New Center will serve as hub for scientific research and promote rigorous, evidence-based approaches to the practice of mindfulness.
For immediate release: Monday, April 24, 2023
Boston, MA – The Thich Nhat Hanh Center for Mindfulness in Public Health will launch April 26 at the Harvard T.H. Chan School of Public Health. The Center was created with a $25 million gift from an anonymous donor, one of the largest single donations to the School.
The Center’s mission is to empower people around the globe to live with purpose, equanimity, and joy through the practice of mindfulness; pursue evidence-based approaches to improve health and well-being through mindfulness; and educate and train the public in mindfulness. Two primary areas of emphasis will be nutrition and the environment.
“We are thrilled to host this groundbreaking center at the Harvard T.H. Chan School of Public Health,” said Michelle A. Williams, Dean of the Faculty. “In public health, we work at population scale — we aim to reach and uplift entire communities. The Thich Nhat Hanh Center for Mindfulness in Public Health will operate in that spirit.”
The Center for Mindfulness in Public Health is named to honor Thich Nhat Hanh (1926-2022), a Zen master, global spiritual leader, scholar, and peace activist revered around the world for his pioneering teachings on mindfulness, global ethics, and peace.
Throughout the Vietnam War, Thich Nhat Hanh traveled tirelessly to spread the principles of nonviolence, compassion, and solidarity, working alongside activists such as Dr. Martin Luther King, Jr., who nominated the Buddhist monk for a Nobel Prize at the height of the war. In his home country, meanwhile, Thich Nhat Hanh put his principles into action by founding an all-volunteer relief organization, known as the School of Youth and Social Service. Thich Nhat Hanh spent his life working for peace and social justice, training the next generation of engaged Buddhists, and building healthy communities of mindful living.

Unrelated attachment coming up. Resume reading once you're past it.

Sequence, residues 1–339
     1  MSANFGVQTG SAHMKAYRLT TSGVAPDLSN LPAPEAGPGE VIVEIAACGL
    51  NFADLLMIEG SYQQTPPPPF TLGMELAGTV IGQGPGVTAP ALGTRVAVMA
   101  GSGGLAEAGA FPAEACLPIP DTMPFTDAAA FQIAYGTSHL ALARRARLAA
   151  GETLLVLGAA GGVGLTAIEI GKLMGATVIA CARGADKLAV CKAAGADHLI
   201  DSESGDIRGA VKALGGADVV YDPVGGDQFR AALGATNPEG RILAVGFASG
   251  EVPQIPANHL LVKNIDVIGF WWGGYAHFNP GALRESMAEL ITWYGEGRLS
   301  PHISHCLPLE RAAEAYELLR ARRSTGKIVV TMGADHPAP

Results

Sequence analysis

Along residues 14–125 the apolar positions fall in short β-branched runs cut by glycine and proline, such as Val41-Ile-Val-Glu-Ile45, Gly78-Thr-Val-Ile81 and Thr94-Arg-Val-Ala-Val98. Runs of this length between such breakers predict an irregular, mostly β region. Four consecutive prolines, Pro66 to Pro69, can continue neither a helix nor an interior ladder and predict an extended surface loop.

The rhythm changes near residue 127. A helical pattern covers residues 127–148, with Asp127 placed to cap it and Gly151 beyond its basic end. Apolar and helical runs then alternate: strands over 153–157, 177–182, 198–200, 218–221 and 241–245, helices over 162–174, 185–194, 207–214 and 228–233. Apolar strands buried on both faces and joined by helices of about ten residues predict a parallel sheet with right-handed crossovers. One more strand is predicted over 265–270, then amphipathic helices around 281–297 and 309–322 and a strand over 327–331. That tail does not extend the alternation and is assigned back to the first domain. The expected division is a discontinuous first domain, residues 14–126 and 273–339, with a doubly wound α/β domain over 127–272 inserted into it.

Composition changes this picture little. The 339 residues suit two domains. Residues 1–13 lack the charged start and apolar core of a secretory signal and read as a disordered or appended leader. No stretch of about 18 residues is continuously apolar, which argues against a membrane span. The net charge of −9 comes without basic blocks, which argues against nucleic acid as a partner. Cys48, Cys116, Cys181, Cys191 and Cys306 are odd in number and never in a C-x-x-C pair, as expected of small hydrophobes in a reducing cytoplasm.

Mindfulness is the practice of being fully present in each moment. It is an ancient Buddhist approach to living that teaches us to be in the here and now—to be aware of what’s going on within us and around us from moment to moment, without judgment. It can be used to reduce stress, increase self-awareness, and cultivate a sense of acceptance and well-being.
As of early 2023 there were nearly 25,000 studies about mindfulness in peer-reviewed publications encompassing a variety of disciplines. However, the field is quite young and Thich Nhat Hanh Center researchers see a need for additional scientific tools to assess the impact of mindfulness interventions on health and wellness.
The Center has planned a number of research initiatives, including:
- “Minding Our Future,” which focuses on developing interdisciplinary, evidence-based programs to help people live healthier lives as they age. One strand of research will look at how mindfulness practices interwoven into daily living, including mindful design of dining spaces, menus, and shared experiences around food, can contribute to healthy longevity.
- “Eat, Move & Live Mindfully,” a curriculum that integrates lessons on nutrition, physical activity, and mindfulness to help youth establish healthy and mindful habits that are good for themselves and the health of the planet.